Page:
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10 Cards in this Set

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Which of the following accounting pronouncements is the most authoritative?
The foundation of financial accounting is generally accepted accounting principles (GAAP). In practice, GAAP has come to include SFAS, FASB Interpretations, APB Opinions, ARB and SEC releases. These are the pronouncements to which practitioners look when determining if financial statements fairly present financial position, results of operations, and changes in cash flows.

SAS 69 (AU 411) expanded on the above list and established the hierarchy of GAAP for business enterprises shown below. If the accountant/auditor cannot find a specified accounting treatment in category (A), s/he would proceed to the next lowest category.

• Category (A), officially established accounting principles, consists of Financial Accounting Standards Board (FASB) Statements of Financial Accounting Standards and Interpretations, Accounting Principles Board (APB) Opinions, and AICPA Accounting Research Bulletins.

• Category (B) consists of FASB Technical Bulletins and, if cleared by the FASB, AICPA Industry Audit and Accounting Guides and AICPA Statements of Position.

• Category (C) consists of AICPA Accounting Standards Executive Committee (AcSEC) Practice Bulletins that have been cleared by the FASB and consensus positions of the FASB Emerging Issues Task Force.

• Category (D) includes AICPA accounting interpretations and implementation guides (“Qs and As”) published by the FASB staff, and practices that are widely recognized and prevalent either generally or in the industry.
Change in Reporting Entity
Change in Reporting Entity

The final type of accounting change which may occur is a change in reporting entity. A change in reporting entity occurs when a change in the structure of the organization is made which results in financial statements that represent a different or changed entity. Some examples of a change in reporting entity include presenting consolidated statements in place of individual statements, a pooling of interests, a change in subsidiaries, or a change in the use of the equity method for an investment.

A change in reporting entity should be disclosed by retroactively restating all of the prior period financial statements presented. A disclosure of the type of change and the reasons for
the change should be added to the financial statements in the year of the change. The disclosure should also include the effect of the change on the net income before extraordinary items, net income, and earnings per share.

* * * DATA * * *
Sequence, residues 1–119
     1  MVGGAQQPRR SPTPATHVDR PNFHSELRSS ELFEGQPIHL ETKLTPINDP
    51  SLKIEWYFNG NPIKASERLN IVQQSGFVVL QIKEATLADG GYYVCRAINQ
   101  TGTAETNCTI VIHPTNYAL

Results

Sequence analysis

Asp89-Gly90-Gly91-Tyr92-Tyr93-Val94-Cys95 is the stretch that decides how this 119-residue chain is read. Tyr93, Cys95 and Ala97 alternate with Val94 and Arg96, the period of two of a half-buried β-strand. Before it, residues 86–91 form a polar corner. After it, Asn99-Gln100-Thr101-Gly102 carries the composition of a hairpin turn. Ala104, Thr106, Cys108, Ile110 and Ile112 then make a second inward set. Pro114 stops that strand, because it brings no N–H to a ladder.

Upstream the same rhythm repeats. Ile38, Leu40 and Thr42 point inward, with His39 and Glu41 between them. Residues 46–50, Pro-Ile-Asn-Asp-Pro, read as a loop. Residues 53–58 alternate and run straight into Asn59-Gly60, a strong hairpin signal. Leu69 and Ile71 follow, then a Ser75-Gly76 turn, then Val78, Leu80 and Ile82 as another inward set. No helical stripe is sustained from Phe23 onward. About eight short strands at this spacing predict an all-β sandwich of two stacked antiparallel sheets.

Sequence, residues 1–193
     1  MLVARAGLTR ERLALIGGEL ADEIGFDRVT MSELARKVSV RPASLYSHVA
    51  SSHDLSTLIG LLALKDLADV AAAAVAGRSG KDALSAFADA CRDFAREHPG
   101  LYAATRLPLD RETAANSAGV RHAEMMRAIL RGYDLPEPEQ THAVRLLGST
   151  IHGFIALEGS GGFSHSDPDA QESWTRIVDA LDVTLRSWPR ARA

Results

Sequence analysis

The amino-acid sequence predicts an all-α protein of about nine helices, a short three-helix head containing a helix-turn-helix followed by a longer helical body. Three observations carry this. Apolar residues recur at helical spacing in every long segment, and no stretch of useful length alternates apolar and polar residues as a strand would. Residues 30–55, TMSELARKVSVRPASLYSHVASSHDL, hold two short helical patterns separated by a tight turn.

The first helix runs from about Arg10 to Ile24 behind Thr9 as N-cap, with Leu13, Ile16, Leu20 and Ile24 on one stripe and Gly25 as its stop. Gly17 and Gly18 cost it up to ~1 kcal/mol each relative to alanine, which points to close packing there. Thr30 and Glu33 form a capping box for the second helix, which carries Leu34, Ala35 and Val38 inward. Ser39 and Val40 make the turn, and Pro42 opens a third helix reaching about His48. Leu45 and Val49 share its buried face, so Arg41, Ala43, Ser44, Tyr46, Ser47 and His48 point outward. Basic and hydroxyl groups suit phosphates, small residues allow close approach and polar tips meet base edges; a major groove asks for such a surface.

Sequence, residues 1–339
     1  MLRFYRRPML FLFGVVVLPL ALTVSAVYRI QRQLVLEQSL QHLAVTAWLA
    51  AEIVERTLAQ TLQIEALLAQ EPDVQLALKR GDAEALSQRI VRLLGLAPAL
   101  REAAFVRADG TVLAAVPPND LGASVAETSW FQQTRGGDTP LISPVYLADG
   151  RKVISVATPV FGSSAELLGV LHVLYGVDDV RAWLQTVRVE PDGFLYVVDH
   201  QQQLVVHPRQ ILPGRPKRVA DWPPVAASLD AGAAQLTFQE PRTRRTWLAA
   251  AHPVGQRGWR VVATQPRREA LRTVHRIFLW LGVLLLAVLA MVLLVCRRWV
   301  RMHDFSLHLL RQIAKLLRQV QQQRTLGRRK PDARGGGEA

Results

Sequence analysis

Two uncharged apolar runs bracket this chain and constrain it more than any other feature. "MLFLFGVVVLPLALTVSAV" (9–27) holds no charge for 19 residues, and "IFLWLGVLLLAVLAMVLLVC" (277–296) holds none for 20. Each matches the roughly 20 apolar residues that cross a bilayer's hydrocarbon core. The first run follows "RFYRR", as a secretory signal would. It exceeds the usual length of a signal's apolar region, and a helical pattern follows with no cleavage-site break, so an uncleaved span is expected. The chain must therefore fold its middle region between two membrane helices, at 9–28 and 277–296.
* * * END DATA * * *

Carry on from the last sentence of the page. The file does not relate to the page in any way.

A retroactive change in accounting principle
A retroactive change in accounting principle is determined by computing the effect on beginning retained earnings of applying the new principle to affected prior years and reporting the amount net of tax in the retained earnings statement as an adjustment to the beginning balance. Additionally, financial statements from earlier periods that are presented with the current period’s FS must be retroactively restated. Retroactive restatement means redoing all statements presented as if they had originally been prepared using the new accounting principle. Any part of the cumulative effect which is attributed to financial statements of prior years that are not being presented in the current period should be an adjustment of retained earnings of the earliest period being presented.

There are five special changes that require retroactive restatement of all periods presented as if the new method had been used in all prior periods. These five special changes are

(1) Change from LIFO to another inventory method

(2) Change in method of accounting for long-term contracts

(3) Change to or from the full cost method of accounting for exploration costs in the extractive industries

(4) Any change made by a company first issuing financial statements to the public for the purpose of obtaining additional equity capital or effecting a business combination or registering securities (APB 20)

(5) Change for which the retroactive approach is mandated by an authoritative pronouncement
Cumulative-effect-type changes in accounting principle
Cumulative-effect-type changes in accounting principle

All other changes in principle are accounted for as current changes in accordance with the cumulative effect method. When a change in accounting principle is accounted for as a current change, then the entire cumulative effect of the change is reported in the current period’s financial statements. The entire cumulative effect would be recorded as an adjustment to an income statement account, and reported as a special item displayed after extraordinary items on the income statement. The cumulative effect should be reported net of tax. The following steps summarize the procedures to account for an accounting change under the cumulative effect method:

1. Compute the prior years’ effect of the change on retained earnings at the beginning of the year in which the change is made.